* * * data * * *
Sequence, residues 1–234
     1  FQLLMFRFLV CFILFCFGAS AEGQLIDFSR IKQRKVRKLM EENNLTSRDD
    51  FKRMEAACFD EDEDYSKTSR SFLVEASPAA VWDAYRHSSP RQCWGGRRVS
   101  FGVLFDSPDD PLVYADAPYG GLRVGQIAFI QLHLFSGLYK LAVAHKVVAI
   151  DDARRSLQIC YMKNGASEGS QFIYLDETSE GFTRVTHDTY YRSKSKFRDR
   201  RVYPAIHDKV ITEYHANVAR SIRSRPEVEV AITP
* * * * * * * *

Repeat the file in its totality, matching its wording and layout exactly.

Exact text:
Sequence, residues 1–234
     1  FQLLMFRFLV CFILFCFGAS AEGQLIDFSR IKQRKVRKLM EENNLTSRDD
    51  FKRMEAACFD EDEDYSKTSR SFLVEASPAA VWDAYRHSSP RQCWGGRRVS
   101  FGVLFDSPDD PLVYADAPYG GLRVGQIAFI QLHLFSGLYK LAVAHKVVAI
   151  DDARRSLQIC YMKNGASEGS QFIYLDETSE GFTRVTHDTY YRSKSKFRDR
   201  RVYPAIHDKV ITEYHANVAR SIRSRPEVEV AITP